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How to combine multiple experiments on-line

URL of experiment: n/a

Description of the problem:

This is a general question: I have a battery of 4 short experiments. My design requires that each subject provides data for each experiment twice, in 2 separated sessions.
I understand that e.g. prolific can handle multi-session studies. But what is the best way of stitching together several experiments into one session.
I dread having to stick all 4 experiments into one mega experiment with a loop around each. Not to mention that that effectively would mean starting from scratch again. Any wise ideas?
Thanks
Marc

If you have a Pavlovia licence then you could have the completed URL for each experiment pointing to the next one and including the expInfo parameters. Without a licence the problem is that you will consume a credit at each stage (even if your participant doesn’t make it through them all).

You can copy routines (but not loops) from one experiment to another. Click on New and open within PsychoPy instead of clicking on the file

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Cool – thanks. I will give that a try and get back to you if I have more questions if that is OK

Dear @wakecarter
I implemented your suggestion to pass participant detail in the completed URL.
This works well when passing from the first experiment to the second. But then it breaks down. What am I doing wrong?

The URL to the first experiment is:

https://pavlovia.org/run/MJB/fapesp_anticipation_2020/html/

Please could you show me a screenshot of your URL options?

Absolutely - thanks. The sequence of experiments should be Anticipation - Libet - Reproduction - Estimation

They need to be formatted like text components as per the example on my crib sheet.

"https://brookeshls.co1.qualtrics.com/surveyname?expname="+$expName+"&participant="+expInfo['participant']

Please note the quotes around the text and the $ before the first element outside of quotes.

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Thank you @wakecarter. I would have never worked that out, since I followed the instructions from
https://www.psychopy.org/online/onlineParticipants.html
Perhaps that can be updated in light of what you said?

I have a follow-on question about counterbalancing experiment order, but I will start a new thread for this.

Thanks, as always!

I’m just a user here so I can’t update that page – my solutions are on a separate crib sheet https://docs.google.com/document/d/13jp0QAqQeFlYSjeZS0fDInvgaDzBXjGQNe4VNKbbNHQ/edit?usp=sharing

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Wow – You are amazing @wakecarter. I thought you were one of the team, given the dedication with which you are helping people here. Thanks even more!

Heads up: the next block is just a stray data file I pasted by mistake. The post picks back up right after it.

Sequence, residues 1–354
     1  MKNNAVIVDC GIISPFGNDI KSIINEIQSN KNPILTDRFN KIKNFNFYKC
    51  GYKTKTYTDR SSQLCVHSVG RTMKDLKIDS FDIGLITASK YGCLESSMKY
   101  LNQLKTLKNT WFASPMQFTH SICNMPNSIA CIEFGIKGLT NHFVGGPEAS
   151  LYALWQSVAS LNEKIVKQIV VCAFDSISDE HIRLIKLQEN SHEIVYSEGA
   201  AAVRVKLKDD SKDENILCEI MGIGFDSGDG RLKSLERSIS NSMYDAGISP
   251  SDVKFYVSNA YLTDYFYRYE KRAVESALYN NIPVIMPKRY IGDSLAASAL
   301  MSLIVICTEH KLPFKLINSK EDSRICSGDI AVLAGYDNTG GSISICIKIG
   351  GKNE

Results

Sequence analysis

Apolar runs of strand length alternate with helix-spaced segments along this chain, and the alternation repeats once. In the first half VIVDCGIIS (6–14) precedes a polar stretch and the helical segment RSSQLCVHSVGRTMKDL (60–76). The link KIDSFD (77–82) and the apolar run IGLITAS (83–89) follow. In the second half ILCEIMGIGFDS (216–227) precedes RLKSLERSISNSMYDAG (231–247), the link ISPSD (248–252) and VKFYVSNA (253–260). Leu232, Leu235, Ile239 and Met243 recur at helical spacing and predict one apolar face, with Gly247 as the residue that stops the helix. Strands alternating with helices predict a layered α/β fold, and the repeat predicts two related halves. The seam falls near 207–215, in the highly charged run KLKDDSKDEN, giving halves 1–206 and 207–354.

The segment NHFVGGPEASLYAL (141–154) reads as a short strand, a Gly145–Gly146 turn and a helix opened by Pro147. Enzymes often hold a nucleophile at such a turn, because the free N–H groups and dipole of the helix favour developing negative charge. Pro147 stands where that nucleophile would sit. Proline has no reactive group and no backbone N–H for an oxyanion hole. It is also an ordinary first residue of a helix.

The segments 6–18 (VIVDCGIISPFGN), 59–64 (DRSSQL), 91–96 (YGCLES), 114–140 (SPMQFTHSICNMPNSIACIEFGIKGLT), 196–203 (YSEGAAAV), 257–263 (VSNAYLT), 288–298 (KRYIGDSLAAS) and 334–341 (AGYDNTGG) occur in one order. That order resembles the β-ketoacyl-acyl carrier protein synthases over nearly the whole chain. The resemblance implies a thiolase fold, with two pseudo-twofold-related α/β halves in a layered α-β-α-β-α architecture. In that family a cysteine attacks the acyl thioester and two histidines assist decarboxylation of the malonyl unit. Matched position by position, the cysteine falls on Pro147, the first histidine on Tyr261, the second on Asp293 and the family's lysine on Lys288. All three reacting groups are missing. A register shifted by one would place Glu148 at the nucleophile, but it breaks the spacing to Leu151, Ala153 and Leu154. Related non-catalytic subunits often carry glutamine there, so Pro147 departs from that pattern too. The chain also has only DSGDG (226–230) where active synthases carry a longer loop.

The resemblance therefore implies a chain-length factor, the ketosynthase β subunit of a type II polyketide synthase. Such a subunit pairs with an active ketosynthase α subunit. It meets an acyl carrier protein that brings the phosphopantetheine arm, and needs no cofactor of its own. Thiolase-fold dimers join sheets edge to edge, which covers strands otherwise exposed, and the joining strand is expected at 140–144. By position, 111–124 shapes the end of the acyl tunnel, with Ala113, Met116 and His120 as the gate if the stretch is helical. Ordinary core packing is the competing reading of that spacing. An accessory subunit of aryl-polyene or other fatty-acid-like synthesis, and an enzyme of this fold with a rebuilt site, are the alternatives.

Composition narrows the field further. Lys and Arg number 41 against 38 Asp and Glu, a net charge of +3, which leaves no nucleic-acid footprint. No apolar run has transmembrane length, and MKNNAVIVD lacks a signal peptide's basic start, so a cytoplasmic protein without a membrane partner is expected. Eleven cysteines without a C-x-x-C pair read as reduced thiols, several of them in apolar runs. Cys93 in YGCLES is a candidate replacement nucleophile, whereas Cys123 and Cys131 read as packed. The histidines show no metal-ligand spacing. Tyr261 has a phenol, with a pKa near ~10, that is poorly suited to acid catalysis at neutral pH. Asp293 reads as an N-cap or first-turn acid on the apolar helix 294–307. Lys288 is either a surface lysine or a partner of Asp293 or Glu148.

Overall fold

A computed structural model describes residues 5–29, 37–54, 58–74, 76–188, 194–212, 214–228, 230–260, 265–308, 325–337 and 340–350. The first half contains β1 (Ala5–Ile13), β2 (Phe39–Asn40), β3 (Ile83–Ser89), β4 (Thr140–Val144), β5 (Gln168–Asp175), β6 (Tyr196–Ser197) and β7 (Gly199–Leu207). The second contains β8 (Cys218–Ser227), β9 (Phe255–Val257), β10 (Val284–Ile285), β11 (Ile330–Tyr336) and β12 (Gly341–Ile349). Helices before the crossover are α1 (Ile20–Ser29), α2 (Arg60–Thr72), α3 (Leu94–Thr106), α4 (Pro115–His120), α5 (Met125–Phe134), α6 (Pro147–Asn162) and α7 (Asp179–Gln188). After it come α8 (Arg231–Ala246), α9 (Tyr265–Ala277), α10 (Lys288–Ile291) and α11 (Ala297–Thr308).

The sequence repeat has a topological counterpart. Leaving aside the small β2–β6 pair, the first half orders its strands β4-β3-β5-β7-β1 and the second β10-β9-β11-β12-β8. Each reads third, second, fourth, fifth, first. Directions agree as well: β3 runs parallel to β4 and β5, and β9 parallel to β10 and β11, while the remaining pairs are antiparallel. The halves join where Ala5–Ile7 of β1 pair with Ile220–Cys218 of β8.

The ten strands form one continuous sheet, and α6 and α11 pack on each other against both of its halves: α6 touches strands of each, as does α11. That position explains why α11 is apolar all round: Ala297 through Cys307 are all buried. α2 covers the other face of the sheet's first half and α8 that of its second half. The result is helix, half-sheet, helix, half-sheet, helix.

@jon can you see above in this thread the issue about passing participant details from one URL to the next, and perhaps updating the official documentation in light of this?

Thanks, as always,
Marc

Yes, we can update the docs.

Wakefield (who as you rightly say is doing an amazing job of supporting people!) is right that this is about using a variable combined with a literal string and the standard way of doing that in PsychoPy is to use the $

His version works but I would write it very slightly differently. I would have used:

$"https://brookeshls.co1.qualtrics.com/surveyname?expname="+expName+"&participant="+expInfo['participant']

rather than

"https://brookeshls.co1.qualtrics.com/surveyname?expname="+$expName+"&participant="+expInfo['participant']

Using it with expName leads you to think the $ indicates “this value is a variable”. It actually indicates that “this entire box is Python code”. The Python code in this instance is a string combined with a variable. PsychoPy generally can handle it either way but it’s good to think of it with the true meaning :slight_smile:

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I’d say you’re certainly part of the team, Wakefield - PsychoPy is a community effort, not an exclusive club. Anyone can contribute changes to the code or documentation - all it takes is an account at Github. Ideally, your crib sheet would become part of the official documentation. As it is solving pain points for many users, it would be most effective if it had the profile of being with the rest of the documentation.

e.g. the online participant documentation page under discussion is found here on the PsychoPy Github site:

Instructions on becoming a psychoPy developer are here (where being a “developer” includes simply proposing changes to the docs):

https://www.psychopy.org/developers/developers.html

And specific info about working with the documentation source files are here:

https://www.psychopy.org/developers/addingdocumentation.html

There is a bit of a learning curve at first, but it is mainly about how to use Git - once you have a handle on that, you’ll be able to make contributions to any open-source project. But for very simple changes (e.g. correcting typos in the docs), you can actually do the changes entirely within the Github site - just fork psychopy/psychopy to a branch in your own account, and click the “edit” icon to make changes directly in the web browser. You can then submit a pull request to have the change moved from your branch back to the main PsychoPy repository.

This all applies to a relatively old hand like Marc as well. Users learning to do new things are the best people to propose changes to the documentation - developers who are contributing to the code itself are less likely to be poring over the documentation to learn how to do things, so they don’t notice deficiencies or out-of-date content.